- Pricing options for tickets
Of course if you’re planning for the whole shebang, then you’ll have to look for a plugin that has:
- A seat booking option
- Ticket cancellation option
- Event reviews & ratings
- Social Sharing options
Well, when I look at these feature lists, there are two plugins that come to mind: Events Calendar PRO and Event Espresso (EE4). The two leading event management plugins, that cover most of these features with ease.
I’d recommend Events Calendar:
- The Recurring events functionality makes adding movie show timings on multiple days simple (if you’re not planning on selling tickets)
- The Location search option with a Map view makes finding a theatre nearby easy
- The WooCommerce integration makes several payment gateways available
- The option to export event details to a Google Calendar or iCal make reminders easy
- The Eventbrite integration can act as a workaround for seat selection
Event Espresso too has some good features, and if those are the one’s you need, Event Espresso could be your choice for the system. Here’s what works for Event Espresso:
- Multiple date and times per event
- A ticket scanning add-on to scan movie tickets at the venue
- EE3 (legacy version of Event Espresso) has a seating chart add-on as well
Honestly, you could pick either. But Events Calendar does provide you a cost-effective base.
Okay. So, what’s next?
Ah yes, picking the right theme!
Picking the Right Theme
Now, when you install WordPress, it comes with a set of default themes. But let’s face it, those default themes are quite an eyesore (except for Twenty Fifteen. But Twenty Fifteen is more of a blog theme, and is not suitable for a movie booking website).
So, for your website, you could follow my oh-so-famous guide to picking the right theme 😀 . But here’s the gist, you’ll need a responsive theme that behaves well with Events Calendar and WooCommerce (that’s not necessarily built for a bookings website).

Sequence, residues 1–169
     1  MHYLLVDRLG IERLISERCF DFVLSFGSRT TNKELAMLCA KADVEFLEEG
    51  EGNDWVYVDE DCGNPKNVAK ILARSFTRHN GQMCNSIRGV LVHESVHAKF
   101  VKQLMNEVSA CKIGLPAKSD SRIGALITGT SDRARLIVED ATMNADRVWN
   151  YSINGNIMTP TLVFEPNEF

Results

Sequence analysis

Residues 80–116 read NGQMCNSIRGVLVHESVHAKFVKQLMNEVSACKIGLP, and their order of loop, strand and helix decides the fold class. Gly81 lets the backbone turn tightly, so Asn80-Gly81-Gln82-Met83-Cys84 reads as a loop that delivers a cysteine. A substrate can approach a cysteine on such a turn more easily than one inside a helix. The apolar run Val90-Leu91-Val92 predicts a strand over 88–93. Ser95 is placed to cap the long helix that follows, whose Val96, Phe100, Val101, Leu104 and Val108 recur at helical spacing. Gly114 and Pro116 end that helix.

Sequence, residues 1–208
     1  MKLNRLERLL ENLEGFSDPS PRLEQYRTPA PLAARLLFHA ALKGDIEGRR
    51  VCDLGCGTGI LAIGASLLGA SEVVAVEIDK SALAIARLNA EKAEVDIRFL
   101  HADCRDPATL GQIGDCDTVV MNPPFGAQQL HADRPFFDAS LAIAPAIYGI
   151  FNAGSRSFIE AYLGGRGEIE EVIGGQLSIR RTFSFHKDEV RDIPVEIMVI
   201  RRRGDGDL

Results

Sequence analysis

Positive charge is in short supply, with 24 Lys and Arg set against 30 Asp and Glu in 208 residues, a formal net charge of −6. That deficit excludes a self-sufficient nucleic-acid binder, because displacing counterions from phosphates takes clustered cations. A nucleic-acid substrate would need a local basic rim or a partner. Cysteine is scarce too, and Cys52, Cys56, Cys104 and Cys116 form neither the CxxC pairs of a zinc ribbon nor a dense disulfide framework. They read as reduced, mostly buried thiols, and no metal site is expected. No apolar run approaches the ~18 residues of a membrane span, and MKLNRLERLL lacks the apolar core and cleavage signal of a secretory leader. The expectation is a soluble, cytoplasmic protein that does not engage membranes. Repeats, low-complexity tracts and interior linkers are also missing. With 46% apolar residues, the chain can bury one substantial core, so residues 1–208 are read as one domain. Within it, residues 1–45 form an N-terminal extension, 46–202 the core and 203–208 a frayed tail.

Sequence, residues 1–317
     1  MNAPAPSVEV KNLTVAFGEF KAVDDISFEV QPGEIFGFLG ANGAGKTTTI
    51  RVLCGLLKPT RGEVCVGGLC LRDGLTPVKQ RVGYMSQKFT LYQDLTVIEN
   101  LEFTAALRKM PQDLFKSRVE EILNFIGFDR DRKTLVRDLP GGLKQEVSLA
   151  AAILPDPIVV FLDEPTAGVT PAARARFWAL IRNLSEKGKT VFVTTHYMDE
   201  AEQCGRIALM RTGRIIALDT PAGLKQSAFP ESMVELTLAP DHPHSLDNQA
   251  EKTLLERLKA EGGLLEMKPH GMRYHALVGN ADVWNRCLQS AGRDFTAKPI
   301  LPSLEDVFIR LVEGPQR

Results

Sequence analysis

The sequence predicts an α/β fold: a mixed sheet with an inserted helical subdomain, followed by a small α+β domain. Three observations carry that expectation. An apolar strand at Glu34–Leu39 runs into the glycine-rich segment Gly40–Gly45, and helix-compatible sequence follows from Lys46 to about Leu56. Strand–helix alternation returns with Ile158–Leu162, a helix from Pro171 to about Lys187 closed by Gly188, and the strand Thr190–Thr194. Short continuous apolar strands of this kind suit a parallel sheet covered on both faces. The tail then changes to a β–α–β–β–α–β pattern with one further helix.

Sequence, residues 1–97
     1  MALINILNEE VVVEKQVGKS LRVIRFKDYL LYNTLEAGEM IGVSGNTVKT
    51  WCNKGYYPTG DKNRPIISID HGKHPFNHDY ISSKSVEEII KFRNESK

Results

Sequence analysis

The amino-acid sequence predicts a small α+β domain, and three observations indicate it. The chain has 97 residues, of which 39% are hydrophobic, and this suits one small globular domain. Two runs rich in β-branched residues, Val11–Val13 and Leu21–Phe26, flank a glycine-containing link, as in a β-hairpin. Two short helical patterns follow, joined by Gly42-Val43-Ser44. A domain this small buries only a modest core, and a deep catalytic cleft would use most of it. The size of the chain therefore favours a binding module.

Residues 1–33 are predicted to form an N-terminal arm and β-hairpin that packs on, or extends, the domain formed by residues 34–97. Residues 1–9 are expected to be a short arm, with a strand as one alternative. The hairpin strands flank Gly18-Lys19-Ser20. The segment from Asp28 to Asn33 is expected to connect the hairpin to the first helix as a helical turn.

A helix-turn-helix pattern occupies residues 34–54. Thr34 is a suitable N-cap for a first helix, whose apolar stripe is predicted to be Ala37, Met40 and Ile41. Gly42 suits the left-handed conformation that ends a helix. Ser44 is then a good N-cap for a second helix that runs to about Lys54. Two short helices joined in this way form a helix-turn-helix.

My pick of the lot is The7.
- It needs no knowledge of coding
- It’s got a page builder in-built (Visual Composer along with Ultimate Add-on for VC)
- Header layouts and Color options… and more.
Once you install and activate the theme, you can install one of the demos to get your site up and ready in no time.
Installing the Plugins
You can then install and activate the needed and peripheral plugins:
There are some settings involved. We’ll take things one step at a time.
Adding Your First Movie
I’m sure you’re excited about setting up your first movie, so let’s start with The Events Calendar plugin.
You need to begin by setting up the plugin. Head over to Events -> Settings. (Remember, the PRO version adds more options to the base plugin, so the options are available under the same menu)
Now, the most important options you need to set here are:
- Events URL Slug to ‘movies’
- Single event URL slug to ‘movie’
- End of day cutoff to the time the last show ends. For eg., 1:00 am
- Currency options
Most other options could be left as is. Or you could quickly browse through them and updated the ones you need.
Now over to creating your first movie event. 😀
If you have a user level understanding of WordPress, adding events should be a breeze. Head over to Events -> Add New.
Enter the title, description and add a featured image (movie poster). You can then update movie specific settings.